The Pearls of Raku, Issue 3: tr, TR, and StrDistance

How do tr, TR string replacements work in Raku. What is a StrDistance type? What happens when you print such objects with ‘put’ and ‘say’?

Hello! Today, let me show three small but interesting things that you might skip when reading the documentation to the Raku programming language (if you did read it :-).

tr and TR

There is a pair of transliteration (or transformation) operators in Raku: tr and TR. As you may guess from the name, they have something in common. But there are also some differences.

The lower case tr performs an in-place substitution:

my $s = 'Hello, World!';

$s ~~ tr/o/ó/;

say $s; # Helló, Wórld!

The target string is updated after the operation.

Unlike that, TR does not change the string and returns the new string as a result.

my $s = 'Hello, World!';

my $r = TR/o/ó/ with $s;

say $s; # Hello, World!
say $r; # Helló, Wórld!

Note that you cannot simply write my $r = $s ~~ TR/o/ó/, but instead you need to set the topic first, for example, using with. You can do the same with the lowercase version, too:

tr/o/ó/, .say with $s; # Helló, Wórld!

StrDistance

OK, what happens if you save the result of matching with tr as in the following snippet?

my $s = 'Hello, World!';

my $r = $s ~~ tr/o/ó/;

Unlike the probable expectation, you do not simply get the new string in $r. The type of that object is StrDistance.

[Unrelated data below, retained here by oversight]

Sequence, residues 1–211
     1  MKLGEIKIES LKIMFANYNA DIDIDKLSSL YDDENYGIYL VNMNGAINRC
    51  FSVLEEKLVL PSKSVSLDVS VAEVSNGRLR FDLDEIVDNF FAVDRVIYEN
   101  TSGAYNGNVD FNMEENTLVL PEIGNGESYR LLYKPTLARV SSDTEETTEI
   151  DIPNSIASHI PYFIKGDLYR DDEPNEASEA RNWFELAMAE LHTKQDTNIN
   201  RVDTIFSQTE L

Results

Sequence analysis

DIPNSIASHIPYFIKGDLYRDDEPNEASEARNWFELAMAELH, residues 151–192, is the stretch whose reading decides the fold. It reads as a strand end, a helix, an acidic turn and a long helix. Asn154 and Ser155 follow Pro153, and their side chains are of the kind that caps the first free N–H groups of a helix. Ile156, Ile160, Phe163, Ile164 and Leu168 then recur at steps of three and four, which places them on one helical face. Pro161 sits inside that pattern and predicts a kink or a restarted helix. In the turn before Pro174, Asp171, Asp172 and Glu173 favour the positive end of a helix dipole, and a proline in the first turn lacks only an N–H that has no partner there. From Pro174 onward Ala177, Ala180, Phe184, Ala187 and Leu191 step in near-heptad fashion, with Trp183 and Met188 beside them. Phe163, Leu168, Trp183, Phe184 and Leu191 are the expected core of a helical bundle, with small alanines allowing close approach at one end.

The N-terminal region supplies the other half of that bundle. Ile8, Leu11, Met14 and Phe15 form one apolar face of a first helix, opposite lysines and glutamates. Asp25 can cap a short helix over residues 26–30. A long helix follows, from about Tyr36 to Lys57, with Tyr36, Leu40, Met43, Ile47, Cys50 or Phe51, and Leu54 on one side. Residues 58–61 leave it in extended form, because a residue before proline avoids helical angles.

say $r.WHAT; # (StrDistance)

When being coerced to a string, it gives you the string—the modified string after the replacement in our case. When it is coerced to an integer, you get the number of replacements happened:

say ~$r; # Helló, Wórld!
say +$r; # 2

The variable also keeps both original and modified versions of the string:

say $r.before;
say $r.after;

put vs say

The third thing to cover in this post is to see the difference between put and say, when they are called with the StrDistance object.

The difference between put and say is that put internally calls .Str on an object, while say calls .gist.

From the previous section, we know that if a StrDistance is converted to a string, it gives a string, so in our example, you see the updated string after the transliteration:

put $r; # Helló, Wórld!

With say, you see more details about the contents:

say $r; 
# StrDistance.new(before => "Hello, World!", after => "Helló, Wórld!")

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